Full text: The little review (12 (1926), 1)

Facing my mirror I would imitate the shivers that ended at 
the steady base of her clavicles. The judges could not condemn 
a woman who had such beautiful twitches between her chin and 
After her acquittal, the lady with the bare neck published 
her memoirs. Out of respect I refrained from reading them. 
She married a foreigner of high descent. I wanted to write to 
the husband: “Kiss slowly her whole neck, her beautiful neck.” 
I—became a man. 
And now it’s early dawn in the Bois de Boulogne. 
That other one thinks that the contemplation has lasted long 
I hear. We must return. 
It is true, dawn inspires love. 
At home, I touch this body as I already have had the honor 
of touching others, with the sole obsession of getting rid of the 
most precise of my desires with no hope of satisfying any of them 
or lingering with them, for although I had for a long time be 
lieved myself forced to do this, I have always been ashamed of 
these detours which leave man not in an elevating solitude, but 
in the deep fog with other men. 
So the cry which, by chance escaped from the mouth that 
wandered all over my nude body, the cry “kill me” as it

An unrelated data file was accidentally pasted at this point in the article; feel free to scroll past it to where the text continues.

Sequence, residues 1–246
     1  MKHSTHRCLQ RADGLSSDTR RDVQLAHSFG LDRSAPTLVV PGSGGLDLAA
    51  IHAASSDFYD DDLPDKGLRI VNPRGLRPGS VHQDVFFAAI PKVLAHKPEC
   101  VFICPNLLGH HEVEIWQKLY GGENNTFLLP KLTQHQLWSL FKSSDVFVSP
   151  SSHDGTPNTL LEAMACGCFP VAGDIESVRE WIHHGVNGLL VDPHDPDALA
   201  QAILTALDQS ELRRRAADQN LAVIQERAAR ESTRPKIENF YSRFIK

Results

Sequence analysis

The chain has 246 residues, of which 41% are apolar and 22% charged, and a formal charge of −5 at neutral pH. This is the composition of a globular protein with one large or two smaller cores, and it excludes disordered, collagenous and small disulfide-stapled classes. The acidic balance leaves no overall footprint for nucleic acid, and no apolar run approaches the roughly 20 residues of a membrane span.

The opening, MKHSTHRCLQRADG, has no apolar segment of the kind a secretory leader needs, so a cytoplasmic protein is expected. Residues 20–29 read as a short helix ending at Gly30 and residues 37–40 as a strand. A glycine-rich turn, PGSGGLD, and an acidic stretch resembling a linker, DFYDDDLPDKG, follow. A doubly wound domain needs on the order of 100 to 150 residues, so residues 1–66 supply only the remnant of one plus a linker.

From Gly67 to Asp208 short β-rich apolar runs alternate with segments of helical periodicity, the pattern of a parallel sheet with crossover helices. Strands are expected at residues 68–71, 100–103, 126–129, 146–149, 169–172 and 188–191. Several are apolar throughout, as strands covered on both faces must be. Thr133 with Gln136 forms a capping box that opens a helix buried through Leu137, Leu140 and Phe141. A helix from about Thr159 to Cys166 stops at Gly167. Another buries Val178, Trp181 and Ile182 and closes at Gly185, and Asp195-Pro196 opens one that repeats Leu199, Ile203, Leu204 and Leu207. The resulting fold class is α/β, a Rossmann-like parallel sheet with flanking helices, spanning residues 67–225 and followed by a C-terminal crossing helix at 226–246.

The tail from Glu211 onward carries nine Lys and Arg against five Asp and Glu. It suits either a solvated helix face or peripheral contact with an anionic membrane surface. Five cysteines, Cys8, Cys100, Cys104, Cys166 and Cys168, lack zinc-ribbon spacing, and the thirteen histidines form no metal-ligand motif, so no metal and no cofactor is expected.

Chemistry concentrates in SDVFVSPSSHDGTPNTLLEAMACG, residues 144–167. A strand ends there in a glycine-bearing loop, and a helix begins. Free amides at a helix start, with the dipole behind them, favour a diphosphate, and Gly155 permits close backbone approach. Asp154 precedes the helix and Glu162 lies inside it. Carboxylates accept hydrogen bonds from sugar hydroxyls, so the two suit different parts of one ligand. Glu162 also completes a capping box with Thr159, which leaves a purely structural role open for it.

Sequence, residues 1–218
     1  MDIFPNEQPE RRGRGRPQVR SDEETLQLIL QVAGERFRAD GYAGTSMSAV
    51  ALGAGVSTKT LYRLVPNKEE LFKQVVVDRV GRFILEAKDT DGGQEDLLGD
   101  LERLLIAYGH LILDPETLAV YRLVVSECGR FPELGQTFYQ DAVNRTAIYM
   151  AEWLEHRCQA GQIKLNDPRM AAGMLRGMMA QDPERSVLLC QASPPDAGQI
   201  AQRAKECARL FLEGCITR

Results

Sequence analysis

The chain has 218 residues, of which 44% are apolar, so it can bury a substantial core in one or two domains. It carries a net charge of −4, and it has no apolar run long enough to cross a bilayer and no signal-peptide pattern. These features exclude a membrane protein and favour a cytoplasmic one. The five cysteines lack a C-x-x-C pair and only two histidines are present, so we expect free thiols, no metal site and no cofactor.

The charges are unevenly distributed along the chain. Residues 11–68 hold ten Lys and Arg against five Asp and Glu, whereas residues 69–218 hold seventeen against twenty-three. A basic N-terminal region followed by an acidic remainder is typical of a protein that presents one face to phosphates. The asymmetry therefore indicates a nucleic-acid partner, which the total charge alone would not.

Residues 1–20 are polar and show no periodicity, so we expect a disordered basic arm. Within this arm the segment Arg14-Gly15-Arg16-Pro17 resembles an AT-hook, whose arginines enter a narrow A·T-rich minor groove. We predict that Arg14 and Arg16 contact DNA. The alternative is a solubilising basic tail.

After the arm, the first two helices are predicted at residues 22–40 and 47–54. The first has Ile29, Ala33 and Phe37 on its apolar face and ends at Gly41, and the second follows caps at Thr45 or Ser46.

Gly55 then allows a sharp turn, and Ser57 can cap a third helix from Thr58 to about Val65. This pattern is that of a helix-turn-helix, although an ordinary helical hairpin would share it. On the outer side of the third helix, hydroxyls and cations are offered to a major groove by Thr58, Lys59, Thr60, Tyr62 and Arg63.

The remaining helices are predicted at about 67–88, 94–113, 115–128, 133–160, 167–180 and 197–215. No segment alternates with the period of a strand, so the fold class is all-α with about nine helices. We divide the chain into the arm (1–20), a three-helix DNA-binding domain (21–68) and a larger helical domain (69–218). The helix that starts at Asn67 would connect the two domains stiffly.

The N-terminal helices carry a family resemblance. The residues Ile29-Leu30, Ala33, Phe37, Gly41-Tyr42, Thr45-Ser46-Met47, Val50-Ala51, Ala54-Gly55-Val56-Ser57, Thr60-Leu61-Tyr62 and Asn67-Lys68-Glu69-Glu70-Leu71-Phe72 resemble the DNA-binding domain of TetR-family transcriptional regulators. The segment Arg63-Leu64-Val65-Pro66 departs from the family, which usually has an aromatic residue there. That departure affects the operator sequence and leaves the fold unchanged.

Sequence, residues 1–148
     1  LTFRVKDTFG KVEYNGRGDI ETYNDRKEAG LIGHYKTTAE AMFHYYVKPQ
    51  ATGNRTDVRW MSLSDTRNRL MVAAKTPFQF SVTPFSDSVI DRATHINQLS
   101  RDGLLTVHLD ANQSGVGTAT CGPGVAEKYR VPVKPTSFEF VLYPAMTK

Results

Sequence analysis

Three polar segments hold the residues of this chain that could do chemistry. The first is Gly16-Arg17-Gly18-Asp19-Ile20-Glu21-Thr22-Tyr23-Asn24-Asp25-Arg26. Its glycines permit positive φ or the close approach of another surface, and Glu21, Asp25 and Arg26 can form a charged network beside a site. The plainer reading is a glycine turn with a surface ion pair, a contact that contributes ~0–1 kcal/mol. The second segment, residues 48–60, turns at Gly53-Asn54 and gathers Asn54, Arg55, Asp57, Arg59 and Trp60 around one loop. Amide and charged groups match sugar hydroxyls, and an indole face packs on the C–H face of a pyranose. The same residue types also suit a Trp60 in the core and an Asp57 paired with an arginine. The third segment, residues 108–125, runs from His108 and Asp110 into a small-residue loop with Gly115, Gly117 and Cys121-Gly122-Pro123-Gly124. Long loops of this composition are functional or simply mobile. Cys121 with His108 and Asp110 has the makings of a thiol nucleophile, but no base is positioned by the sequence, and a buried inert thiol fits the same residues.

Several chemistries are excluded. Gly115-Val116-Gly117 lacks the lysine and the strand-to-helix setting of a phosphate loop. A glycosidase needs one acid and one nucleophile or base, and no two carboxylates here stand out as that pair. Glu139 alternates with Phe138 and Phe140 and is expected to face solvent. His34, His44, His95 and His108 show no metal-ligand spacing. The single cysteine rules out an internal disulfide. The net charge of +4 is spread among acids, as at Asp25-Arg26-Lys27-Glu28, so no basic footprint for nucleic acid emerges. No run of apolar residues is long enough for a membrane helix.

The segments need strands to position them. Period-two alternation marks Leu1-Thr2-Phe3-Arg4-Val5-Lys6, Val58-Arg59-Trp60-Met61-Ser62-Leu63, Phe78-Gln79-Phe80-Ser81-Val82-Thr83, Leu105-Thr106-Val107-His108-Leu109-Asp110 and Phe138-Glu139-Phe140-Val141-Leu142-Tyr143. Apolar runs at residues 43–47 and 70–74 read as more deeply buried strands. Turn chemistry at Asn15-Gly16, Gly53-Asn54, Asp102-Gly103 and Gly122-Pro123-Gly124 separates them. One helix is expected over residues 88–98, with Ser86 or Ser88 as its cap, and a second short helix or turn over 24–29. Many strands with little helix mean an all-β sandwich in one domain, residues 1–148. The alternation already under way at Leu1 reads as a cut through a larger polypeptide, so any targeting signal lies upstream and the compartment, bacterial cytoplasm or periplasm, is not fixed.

responded to my prayer, that shame alone kept unspoken, was 
for my sad secret, both a comfort and an exaltation. For the will 
to act whether exerted against a mere sex, the “heads or tails” of 
an individual, dressed or undressed, visible or imaginary, a mass, 
of a mob, has always seemed to be caused by the sole need to 
evade. And certainly if science offered a way to kill oneself if 
not entirely pleasant but at least decent and sure, I would have 
no more attempted love than those evasions, one of which has 
enabled me to know solitude at last, this evening on the moun 
So to-day it is not any longer from myself, but from others 
that I pretend to escape. I had begun by wanting to get lost 
through these others, my friends, my foes. 
Thus this first haunting vision: their eyes, my own fixed 
upon their liquids of different density, never being able to pene 
trate them, to mingle. I love their eyes, vain and candid, for I 
wanted to believe that through their transparence I could dis 
cover myself, and besides I had wanted them for so long, with 
the certitude that they would avenge me for the insufficient mys 
tery of the mirrors of my childhood! The intention being to 
drown myself, Narcissus. Along walls a cold river had refused 
to take me. BAKERY, gilded letters proclaimed, and in the 

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